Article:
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Utensils and Their Uses

By: Margaret Paxton - Updated: 16 Mar 2017 | comments*Discuss
 
Utensils And Their Uses

There is a bewildering choice of kitchen gadgets and gizmos on sale; this article aims to remove some of the mystery surrounding kitchen equipment and provide tips about the most commonly-used utensils.

Choose Wisely

Sets of stainless steel and nylon basic kitchen utensils can be bought in specialist shops and most supermarkets. Some top chefs have their own ranges of kitchenware. As with all kitchen equipment, though, it pays to buy quality utensils that will not just last longer, but will probably do a better job. There are cheaper versions of everything; they are normally cheaper for a reason.

Every Home Should Have (at least) One

These are the types of tools we don’t pay much attention to; until we can’t find them! Trying to use the ‘wrong’ utensil to do a job in the kitchen can be frustrating, at least, and dangerous at worst. Consider a simple detail like the handle-length of your utensils. These have been designed for specific tasks; with practicality and safety in mind. It is important to use utensils made from the right material (non-metallic) on non-stick pans to avoid damaging the special surface coating. It is also important that they ‘feel right’.

Spatulas have broad, flat and often flexible, blades for lifting, spreading or stirring foods. They can be made of rubber, wood or stainless steel to suit non-stick, metal or enamel saucepans. Slotted spatulas are used to lift and drain food.

Fish slices are another of the most used kitchen utensils; but not just for fish! The angled head and long slots make it an ideal instrument for lifting fried food from pans and baked food from baking sheets.

Tongs are the best tools to use for grasping and lifting individual pieces of food as they cook under the grill, in the frying pan, or on the barbeque, such as chops, sausages and rashers of bacon.

Apart from serving soup, the deep bowl of a long-handled ladle is also useful for lifting the froth from stock pots and transferring liquid from one container to another. For example, when adding cold cream to a hot dish, the cream needs to be combined with some of the hot liquid first to make sure it blends in satisfactorily; the ladle is ideal for this.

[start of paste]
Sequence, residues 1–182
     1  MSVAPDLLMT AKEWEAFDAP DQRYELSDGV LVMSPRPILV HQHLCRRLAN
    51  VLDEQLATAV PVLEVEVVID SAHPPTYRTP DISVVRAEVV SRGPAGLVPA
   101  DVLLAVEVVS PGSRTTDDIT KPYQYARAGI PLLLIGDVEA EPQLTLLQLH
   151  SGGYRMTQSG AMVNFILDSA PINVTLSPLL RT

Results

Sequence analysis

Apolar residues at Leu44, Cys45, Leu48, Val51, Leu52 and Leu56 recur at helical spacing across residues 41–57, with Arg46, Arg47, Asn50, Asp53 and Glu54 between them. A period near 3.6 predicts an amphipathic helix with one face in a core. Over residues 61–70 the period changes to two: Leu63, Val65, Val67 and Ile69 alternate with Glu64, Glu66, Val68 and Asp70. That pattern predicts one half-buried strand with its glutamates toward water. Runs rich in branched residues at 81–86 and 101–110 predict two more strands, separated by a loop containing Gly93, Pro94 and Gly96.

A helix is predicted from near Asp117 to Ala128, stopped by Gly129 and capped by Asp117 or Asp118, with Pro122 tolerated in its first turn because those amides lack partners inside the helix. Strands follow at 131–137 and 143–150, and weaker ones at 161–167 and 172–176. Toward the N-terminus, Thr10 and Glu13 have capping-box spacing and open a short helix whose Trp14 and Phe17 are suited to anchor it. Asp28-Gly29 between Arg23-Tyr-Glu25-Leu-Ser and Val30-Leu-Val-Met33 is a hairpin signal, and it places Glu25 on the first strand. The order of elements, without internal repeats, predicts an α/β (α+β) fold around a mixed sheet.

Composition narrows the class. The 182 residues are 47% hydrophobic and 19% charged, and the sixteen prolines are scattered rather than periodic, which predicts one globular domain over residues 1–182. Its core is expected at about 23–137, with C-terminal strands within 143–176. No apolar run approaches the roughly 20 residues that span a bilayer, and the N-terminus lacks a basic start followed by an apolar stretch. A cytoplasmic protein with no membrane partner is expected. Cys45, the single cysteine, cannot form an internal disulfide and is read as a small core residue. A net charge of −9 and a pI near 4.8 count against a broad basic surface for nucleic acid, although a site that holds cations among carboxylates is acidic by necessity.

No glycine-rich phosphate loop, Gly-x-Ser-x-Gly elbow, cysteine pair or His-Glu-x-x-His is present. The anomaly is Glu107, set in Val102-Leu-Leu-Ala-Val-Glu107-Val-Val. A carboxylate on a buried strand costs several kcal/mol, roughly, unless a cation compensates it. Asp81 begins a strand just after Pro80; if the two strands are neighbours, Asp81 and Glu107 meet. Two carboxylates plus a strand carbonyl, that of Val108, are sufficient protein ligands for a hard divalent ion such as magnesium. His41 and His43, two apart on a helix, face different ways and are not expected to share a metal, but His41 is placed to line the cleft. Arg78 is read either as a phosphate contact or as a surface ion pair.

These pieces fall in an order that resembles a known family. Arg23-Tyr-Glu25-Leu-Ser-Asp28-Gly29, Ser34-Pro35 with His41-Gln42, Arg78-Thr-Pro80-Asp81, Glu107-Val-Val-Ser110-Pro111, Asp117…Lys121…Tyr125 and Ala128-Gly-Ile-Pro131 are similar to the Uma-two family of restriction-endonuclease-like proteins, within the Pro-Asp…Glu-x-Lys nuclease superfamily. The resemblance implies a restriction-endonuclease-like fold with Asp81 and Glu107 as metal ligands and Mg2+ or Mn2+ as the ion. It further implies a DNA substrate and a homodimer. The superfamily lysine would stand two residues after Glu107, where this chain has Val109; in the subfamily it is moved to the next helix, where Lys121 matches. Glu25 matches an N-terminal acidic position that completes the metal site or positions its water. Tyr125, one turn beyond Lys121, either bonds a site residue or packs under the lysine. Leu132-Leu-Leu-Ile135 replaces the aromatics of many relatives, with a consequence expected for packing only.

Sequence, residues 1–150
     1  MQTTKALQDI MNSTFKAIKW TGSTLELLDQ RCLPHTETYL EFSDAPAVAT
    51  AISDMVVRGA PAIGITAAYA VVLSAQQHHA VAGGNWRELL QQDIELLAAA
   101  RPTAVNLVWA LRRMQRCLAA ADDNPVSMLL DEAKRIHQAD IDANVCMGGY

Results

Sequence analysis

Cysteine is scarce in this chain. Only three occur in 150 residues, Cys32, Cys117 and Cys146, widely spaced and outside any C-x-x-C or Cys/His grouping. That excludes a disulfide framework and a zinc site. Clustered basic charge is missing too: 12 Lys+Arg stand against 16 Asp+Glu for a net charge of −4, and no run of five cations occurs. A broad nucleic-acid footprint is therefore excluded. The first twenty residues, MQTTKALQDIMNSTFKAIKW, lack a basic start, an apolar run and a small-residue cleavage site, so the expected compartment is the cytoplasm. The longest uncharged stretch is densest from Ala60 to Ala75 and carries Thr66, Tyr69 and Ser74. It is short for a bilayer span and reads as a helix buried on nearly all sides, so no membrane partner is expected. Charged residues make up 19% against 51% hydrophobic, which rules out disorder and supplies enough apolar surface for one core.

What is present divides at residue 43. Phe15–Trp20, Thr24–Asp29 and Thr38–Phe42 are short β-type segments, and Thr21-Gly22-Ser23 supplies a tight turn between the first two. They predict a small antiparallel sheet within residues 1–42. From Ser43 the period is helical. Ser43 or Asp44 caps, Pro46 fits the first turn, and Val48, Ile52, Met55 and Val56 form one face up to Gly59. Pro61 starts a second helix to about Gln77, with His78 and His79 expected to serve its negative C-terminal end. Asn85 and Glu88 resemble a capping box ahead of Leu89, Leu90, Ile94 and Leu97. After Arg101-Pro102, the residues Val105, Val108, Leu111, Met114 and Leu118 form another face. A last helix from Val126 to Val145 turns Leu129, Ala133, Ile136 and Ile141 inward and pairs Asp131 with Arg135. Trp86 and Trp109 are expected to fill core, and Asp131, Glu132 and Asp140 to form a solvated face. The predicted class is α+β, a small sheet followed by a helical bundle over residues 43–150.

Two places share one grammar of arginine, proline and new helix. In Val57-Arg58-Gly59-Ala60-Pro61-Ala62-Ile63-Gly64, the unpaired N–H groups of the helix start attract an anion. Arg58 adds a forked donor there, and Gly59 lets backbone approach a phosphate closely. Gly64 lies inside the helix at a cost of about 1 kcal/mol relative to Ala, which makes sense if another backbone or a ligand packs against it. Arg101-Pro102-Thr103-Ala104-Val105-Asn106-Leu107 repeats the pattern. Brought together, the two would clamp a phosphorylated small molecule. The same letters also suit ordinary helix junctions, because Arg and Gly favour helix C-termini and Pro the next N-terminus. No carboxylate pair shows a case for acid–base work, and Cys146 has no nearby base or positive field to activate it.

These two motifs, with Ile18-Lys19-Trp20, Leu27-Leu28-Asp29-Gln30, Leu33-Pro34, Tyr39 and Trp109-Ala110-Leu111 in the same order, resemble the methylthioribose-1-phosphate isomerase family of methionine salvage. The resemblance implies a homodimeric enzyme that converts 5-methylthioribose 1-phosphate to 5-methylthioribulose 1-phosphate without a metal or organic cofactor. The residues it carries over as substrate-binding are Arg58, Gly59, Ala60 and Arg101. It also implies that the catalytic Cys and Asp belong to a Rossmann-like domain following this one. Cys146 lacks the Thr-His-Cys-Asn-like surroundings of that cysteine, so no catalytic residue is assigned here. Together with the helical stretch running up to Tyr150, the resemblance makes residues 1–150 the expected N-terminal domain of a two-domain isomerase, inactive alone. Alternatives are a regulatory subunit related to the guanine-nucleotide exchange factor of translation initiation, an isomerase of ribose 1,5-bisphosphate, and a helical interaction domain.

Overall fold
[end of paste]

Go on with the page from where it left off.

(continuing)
A good potato masher is essential! Nothing else quite does the job as well as a proper masher. Its use is not restricted to potato mashing only though; it is very useful for pushing out the excess moisture from cooked spinach and can be used to make an acceptable sort of puree if you do not have a liquidiser. Mashed swede, parsnip and carrot can be made perfectly, too, of course!

Buy a decent cheese grater; it will prove its worth as an invaluable bit of kit!

Miscellaneous Utensils

  • Tin and bottle openers/corkscrew
  • Assorted wooden spoons
  • Kitchen scissors
  • Peeler and corer
  • Rolling pin
  • Carving fork
  • Measuring jugs and spoons
  • Scales that are easy to understand and easy to clean!
  • Pastry brush

These are just some of the absolute necessities to get started with. As our cooking develops and we become more interested in certain aspects of it, so the need for more bits and pieces arises. Pastry, bread and cake making equipment and utensils could fill another cupboard alone. Assess what you need most of all by thinking about the food preparation you do and what you eat at home.

Whisks, Presses and Reamers

Whisks have saved the day for me on many occasions when my culinary concentration has curdled; lumpy gravy, carelessly-thickened sauces...Give them a good beating with a balloon whisk! To save on elbow grease, a rotary whisk is the business for egg whites, and a hand-held electric blender makes light work of battering batters.

Garlic presses are designed to change firm cloves of garlic into a softer, more palatable, form. If you do buy a press, get one that will last, does the job without hurting your hand and is easy to clean.

Reamers (usually glass or plastic) have a conical projection that is used to extract the juice from citrus fruits, like lemons and oranges. When the fruit is cut and pressed down on the projection, the juice runs down and is collected in a reservoir at the bottom.

Mortars and Pestles

These rather exotic-looking utensils are used to perform one of the most basic processes in food preparation; grinding. As you pound together ingredients like basil, garlic, tomato puree, you can’t help but feel some connection with ancient instincts!

When choosing utensils for yourself, think:

  • Will it do the job efficiently?
  • Is it easy to clean?
  • Does it suit my needs? (Left or right handed.)
  • Will it last?
  • Is it the best I can buy?

Do I really need it?!

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Thanks for ur lessons. You've saved the day
Davinci - 3-Jan-17 @ 12:27 PM
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